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three pairs of lovers with space



The first clear legal, as opposed to religious, prohibition of male homosexuality in Sweden came with a new version of the Swedish law code published in 1608 and reflected the growing Puritanism that had come with Sweden’s conversion to Lutheranism. An appendix to it listed crimes “abstracted from the Holy Scriptures”. Section 4 of this said “Thou shalt not sleep with a boy as with a woman, for this is an abomination. And they both shall die, their blood be upon them.” This text, echoing the prohibitions in Leviticus against “lying with males”, was assumed to include sodomy between men too. The word “boy” was taken from the nationally established Gustav Vasa Bible’s 1541 non-literal translation of Leviticus and presumably reflected widespread assumptions at the time that the males with whom men would want to lie were boys.

The new express prohibition resulted in very few court cases, however, and was dropped from the new legal code of 1734, even though the death penalty was retained for sodomy in the form of bestiality,[1] which remained of great concern in what was a largely agricultural land where unmarried males were often sex-starved, and for which more than six hundred people were executed in the 17th and 18th centuries.

The law commission stated that it was “not advisable to mention more sodomitical sins; it is instead better to keep silent as if they were not known, and if such a bad thing happens that they occur, let them be punished anyway.”

Sweden dtl from Scandinavia. Bartlw 1949
Sweden in 1949

This peculiarly lawless state of affairs seems to have led to a paradox: the scope of punishable sodomitical sins widened, and a few very unclear (and very secret) court cases with only one person involved may imply that also individual sins like masturbation from that point on were punished, if found out.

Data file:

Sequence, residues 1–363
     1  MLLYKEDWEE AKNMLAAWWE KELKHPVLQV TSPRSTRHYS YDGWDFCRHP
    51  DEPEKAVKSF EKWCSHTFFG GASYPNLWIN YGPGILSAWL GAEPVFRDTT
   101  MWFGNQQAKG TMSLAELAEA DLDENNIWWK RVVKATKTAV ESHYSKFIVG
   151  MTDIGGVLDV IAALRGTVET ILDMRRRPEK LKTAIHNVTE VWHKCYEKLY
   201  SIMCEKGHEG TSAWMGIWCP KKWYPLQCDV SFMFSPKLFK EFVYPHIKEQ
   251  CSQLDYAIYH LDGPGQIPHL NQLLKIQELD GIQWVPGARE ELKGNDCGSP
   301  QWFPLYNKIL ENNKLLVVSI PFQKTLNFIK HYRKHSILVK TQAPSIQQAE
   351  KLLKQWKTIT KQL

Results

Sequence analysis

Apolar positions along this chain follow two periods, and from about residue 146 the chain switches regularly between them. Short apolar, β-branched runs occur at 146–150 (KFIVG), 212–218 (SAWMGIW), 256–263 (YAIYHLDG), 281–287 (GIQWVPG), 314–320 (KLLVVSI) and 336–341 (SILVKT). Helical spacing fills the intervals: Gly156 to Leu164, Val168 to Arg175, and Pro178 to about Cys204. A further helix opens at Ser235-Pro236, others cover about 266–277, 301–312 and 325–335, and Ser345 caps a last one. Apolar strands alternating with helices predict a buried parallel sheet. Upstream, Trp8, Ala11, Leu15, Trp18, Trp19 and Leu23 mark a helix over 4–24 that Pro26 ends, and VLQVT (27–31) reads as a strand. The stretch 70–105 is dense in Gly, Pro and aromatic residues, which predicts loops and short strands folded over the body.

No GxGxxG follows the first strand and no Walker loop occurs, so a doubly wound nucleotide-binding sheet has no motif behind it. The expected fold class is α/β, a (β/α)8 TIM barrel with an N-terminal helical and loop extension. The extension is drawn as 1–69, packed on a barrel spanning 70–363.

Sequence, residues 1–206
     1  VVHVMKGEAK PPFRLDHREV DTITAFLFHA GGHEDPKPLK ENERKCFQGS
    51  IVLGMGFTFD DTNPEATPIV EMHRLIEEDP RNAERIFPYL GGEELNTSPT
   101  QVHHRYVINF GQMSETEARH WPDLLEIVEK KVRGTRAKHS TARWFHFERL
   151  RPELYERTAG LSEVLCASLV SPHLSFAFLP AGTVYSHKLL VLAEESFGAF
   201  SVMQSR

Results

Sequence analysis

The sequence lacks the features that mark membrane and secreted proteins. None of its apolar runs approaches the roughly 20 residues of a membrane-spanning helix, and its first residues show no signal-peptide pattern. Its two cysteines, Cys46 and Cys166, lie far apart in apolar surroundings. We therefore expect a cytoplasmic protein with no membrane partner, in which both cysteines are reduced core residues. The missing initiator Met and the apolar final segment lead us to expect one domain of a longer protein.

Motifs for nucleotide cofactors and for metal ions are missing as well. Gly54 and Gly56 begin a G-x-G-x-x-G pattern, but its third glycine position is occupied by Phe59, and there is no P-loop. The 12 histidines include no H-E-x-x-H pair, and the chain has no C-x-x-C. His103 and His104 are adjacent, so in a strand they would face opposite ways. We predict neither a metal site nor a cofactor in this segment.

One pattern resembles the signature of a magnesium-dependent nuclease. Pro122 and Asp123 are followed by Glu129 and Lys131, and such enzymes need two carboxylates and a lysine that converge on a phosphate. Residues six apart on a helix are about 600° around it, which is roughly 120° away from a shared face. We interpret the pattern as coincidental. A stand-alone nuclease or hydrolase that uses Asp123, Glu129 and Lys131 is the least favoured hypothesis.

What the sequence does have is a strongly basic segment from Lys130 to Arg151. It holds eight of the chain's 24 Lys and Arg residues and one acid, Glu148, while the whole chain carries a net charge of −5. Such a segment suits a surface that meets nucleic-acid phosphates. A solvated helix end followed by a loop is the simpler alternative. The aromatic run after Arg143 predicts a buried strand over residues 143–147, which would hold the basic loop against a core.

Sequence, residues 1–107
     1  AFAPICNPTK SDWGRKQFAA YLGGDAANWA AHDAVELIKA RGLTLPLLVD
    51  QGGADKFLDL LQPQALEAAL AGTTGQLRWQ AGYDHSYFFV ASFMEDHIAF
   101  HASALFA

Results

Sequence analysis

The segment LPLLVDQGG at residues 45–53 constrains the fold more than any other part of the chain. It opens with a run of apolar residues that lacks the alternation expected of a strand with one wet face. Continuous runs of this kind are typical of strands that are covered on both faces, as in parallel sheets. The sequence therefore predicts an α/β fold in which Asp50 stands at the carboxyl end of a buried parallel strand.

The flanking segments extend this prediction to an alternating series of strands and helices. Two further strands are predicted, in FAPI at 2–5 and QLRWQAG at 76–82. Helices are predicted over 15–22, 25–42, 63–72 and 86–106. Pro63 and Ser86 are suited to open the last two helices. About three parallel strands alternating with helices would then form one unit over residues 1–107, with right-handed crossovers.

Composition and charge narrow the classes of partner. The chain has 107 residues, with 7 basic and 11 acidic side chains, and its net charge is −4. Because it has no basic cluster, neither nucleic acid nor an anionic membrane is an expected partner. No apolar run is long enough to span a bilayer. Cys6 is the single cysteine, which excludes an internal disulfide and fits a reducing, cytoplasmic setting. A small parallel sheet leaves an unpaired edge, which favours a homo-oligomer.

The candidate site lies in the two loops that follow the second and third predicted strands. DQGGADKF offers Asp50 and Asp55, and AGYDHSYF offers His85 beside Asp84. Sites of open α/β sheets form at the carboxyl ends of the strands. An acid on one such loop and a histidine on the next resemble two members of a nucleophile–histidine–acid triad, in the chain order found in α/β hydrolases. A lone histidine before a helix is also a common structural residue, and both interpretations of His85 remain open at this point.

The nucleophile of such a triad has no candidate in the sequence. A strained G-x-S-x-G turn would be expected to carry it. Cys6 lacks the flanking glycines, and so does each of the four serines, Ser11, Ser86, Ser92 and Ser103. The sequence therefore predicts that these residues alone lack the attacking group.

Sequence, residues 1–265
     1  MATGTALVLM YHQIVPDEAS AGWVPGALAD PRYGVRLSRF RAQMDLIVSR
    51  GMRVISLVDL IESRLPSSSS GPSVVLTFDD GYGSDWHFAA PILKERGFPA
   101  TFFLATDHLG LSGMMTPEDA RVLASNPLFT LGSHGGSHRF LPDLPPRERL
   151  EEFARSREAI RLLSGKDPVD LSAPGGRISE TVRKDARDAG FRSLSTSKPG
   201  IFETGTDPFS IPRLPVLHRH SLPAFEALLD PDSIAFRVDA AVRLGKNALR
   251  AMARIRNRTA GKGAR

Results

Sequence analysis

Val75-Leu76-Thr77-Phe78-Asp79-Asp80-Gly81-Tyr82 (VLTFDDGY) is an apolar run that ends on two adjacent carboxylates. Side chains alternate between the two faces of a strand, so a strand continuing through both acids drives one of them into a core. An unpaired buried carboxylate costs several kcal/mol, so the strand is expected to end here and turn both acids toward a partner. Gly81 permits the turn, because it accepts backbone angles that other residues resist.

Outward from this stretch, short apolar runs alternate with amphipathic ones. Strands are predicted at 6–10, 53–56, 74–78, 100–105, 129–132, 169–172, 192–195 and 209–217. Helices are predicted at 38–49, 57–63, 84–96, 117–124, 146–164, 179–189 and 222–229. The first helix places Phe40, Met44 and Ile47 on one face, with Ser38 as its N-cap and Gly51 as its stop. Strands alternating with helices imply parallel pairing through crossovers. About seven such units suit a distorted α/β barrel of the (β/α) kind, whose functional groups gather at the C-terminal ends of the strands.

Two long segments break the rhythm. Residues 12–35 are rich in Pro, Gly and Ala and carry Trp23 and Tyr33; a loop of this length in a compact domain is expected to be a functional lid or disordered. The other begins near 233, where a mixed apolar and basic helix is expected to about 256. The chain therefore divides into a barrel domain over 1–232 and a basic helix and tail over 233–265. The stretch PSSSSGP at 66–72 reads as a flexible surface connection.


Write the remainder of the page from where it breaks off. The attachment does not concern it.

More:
Very few death sentences for sodomitical acts between males are known from this “silent” period in Sweden. And in 1778 King Gustav III, the “enlightened" king who opposed capital punishment as such, issued a new order that all death sentences had to be confirmed by His Majesty. In practice this means that from 1778 on no executions for sexual crimes were carried out in Sweden.

At the beginning of the nineteenth century, Sweden lacked any laws directly applicable to sexual relations between males (or females), and under the impact of the French Revolution and Code Napoleon, an era of limited and conditional legal freedom for “sodomitical sinners” seems to have begun, and lasted until 1864 (the period is poorly researched, however). There are no traces of a “sodomitical” or “pederastic” subculture, despite this formal freedom. And even if the regime of Gustav III at the end of the eighteenth century, with its Hellenic-classicist ideals, directly or indirectly may have introduced the Greek term “pederasty” into Swedish language, the term surely had lost its Hellenist and poetic overtones by the beginning of the nineteenth century.

The “radical” anti-Gustavian military coup in 1809, directed against the son of Gustav III, was followed by anti-pederastic gossip about the old regime. Such propagandistic gossip of course also discredited “pederasty” as such, referring it to the former sodomitical and “unnatural” context.

Sweden soon also followed the example of many of the German states, which about the middle of the nineteenth century reintroduced old or obsolete laws against “unnatural behavior” between males. A Swedish law commission in 1832 stated that even if bestiality was a disgusting crime, it was not as dangerous to society as “other unnatural ways of committing fornication, when committed between persons.” In 1864 (at the same time as the Swedish parliament was reformed and democratized) a new law against “unnatural” behavior between persons was issued. The new law book stated in paragraph 18:10: “If anyone, with another person, engages in fornication against nature, or if anyone engages in fornication with an animal, he shall be punished with hard labor in prison up to two years.”[2]